By Joyce Pines
Among the many responses to the election of Donald Trump as the 45th president of the United States, one that grabbed my attention was a Facebook friend who decided to start a reading group concentrating on books that provide some understanding about what is going on in this country.
|Nice cover, interesting story.|
I wasn’t able to make it to the most recent conversation about “Hillbilly Elegy: A Memoir of a Family and Culture in Crisis,” by J.D. Vance, so I’m sharing my thoughts here.
J.D. Vance has been making the media rounds. Just Friday, NPR released a TED Talk where Mr. Vance discusses his life and his views. If you have about 15 minutes, it is worth a listen.
I am still struggling with my thoughts about his memoir. In the preface, Mr. Vance writes the book is about “what goes on in the lives of real people when the industrial economy goes south. It’s about reacting to bad circumstances in the worst way possible. It’s about a culture that increasingly encourages social decay instead of counteracting it.”
But it is also his own story and I sense an unreliable narrator at many points throughout the text.
After 30 years in journalism and another seven as a therapist, I have had to develop a decent awareness about when someone is giving me a line of b.s.
Throughout the first three quarters of this book, my b.s. detector was going off frequently:
Title: He’s actually two generations removed from the hills of eastern Kentucky.
Poverty: He reports that his mother and stepfather made $100,000 but spent it as fast as they made it. So, not poor, just not good with finances. Also, grandfather retired well from a factory job - well enough to apparently afford two homes, one for himself and one for his ex-wife.
Addiction: Recognizes it but doesn’t understand it as a disease.
Tried and true conservative trope: The author resents working hard at the grocery store and eating hamburger while the no-goods on welfare are talking on their cell phones while buying steaks with his tax money.
But then Mr. Vance surprised me.
He takes time to reflect on his own good fortune and give consideration and understanding to those who don’t have the resilience he needed to overcome a drug-addicted mother, multiple father figures and chaos at home to eventually wind up at Yale Law School.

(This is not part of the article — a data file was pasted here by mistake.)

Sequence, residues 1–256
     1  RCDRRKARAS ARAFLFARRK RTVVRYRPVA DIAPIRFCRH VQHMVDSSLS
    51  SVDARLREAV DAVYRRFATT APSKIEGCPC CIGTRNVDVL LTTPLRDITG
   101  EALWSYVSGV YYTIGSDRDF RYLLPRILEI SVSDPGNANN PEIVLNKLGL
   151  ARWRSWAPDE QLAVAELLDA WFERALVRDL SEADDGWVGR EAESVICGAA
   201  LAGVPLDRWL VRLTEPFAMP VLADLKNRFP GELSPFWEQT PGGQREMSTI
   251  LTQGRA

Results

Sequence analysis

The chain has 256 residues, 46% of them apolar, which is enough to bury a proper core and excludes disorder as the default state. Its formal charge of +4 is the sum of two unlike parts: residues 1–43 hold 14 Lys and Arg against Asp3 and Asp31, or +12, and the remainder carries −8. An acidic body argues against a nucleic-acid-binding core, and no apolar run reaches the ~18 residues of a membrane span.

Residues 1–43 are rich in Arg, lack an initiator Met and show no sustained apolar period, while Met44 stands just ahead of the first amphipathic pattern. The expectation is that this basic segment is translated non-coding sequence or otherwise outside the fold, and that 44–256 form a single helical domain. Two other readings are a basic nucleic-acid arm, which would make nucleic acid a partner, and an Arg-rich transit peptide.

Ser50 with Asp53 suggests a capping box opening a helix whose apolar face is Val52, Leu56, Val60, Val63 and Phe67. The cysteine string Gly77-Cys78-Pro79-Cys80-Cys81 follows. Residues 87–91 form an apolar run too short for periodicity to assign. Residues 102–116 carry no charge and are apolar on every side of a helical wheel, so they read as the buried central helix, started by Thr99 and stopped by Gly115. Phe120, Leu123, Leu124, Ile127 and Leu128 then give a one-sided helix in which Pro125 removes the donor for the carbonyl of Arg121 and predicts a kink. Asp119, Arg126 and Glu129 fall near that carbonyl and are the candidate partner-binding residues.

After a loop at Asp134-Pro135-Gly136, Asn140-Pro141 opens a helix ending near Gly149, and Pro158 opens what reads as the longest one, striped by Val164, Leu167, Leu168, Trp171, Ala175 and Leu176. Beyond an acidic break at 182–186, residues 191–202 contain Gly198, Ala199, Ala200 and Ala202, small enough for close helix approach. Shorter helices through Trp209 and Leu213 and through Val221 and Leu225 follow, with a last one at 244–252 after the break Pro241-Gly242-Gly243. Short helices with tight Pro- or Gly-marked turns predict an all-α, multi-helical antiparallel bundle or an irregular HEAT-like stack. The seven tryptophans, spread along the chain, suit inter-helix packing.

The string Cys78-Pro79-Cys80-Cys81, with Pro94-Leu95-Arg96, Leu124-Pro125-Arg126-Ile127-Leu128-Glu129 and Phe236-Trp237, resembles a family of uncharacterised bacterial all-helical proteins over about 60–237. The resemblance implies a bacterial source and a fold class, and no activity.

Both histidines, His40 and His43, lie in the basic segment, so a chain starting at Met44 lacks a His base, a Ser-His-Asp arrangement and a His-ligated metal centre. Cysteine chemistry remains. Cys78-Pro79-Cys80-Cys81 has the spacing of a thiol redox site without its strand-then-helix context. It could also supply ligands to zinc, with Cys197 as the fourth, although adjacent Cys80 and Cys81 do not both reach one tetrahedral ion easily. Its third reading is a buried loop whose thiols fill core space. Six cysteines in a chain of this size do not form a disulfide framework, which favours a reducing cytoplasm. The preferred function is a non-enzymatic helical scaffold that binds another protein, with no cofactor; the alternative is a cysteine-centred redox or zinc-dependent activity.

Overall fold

He writes about Adverse Childhood Experiences and recognizes the problems in our “safety net” of child welfare services.
In the New Republic, Sarah Jones writes that Mr. Vance’s book is “little more than a list of myths about welfare queens repackaged as a primer on the white working class.” She also notes that he has emerged as one of the media’s favorite “Trump explainers.”
What his book does right and Mr. Vance's TED Talk does even more succinctly, is highlight what happens when people lose hope - how that tears apart the social fabric.
Democrats and Republicans have done a large swath of this country a great disservice over the past 20 years. Politicians and the professional class have worked together to deregulate industry and encourage globalization.
Financial insecurity is incredibly destructive. Add in addiction and families crumble. The political response has been to make things even worse by punishing people for their struggles. In our rush to cut taxes, we have instead increased fines and penalties for every infraction. A person struggling who loses their driver’s license can end up never getting it back as fines and penalties pile up.
Bridge magazine just wrote a story highlighting this issues with the number of counties in Michigan who charge individuals for every day they are incarcerated. That is how you destroy hope.
Treat people as less than human and then wonder why there is so much addiction and violence. Or why they might vote for someone who promises to tear the country apart.
That’s what J.D. Vance appears to understand. We just haven’t figured out how to fix it. I think it will require government involvement, I’m not sure Mr. Vance would agree.
Several events are taking place in the Kalamazoo area over the coming months to create a better understanding around the state of our nation. Here is a list:
- Eleven Works of Midwestern Fiction For the Trump Era
- Lecture series at Lee Honors College: Fulfilling America's Promise: Racial Equality and Justice
- Arcus Center: Understanding Identity and Power Workshop
- Reading Group: Next discussion is The Unwinding by George Packer
- Transformations Spirituality Center: Healing the Heart of Democracy
Read, attend a lecture, explore options and help create a better country.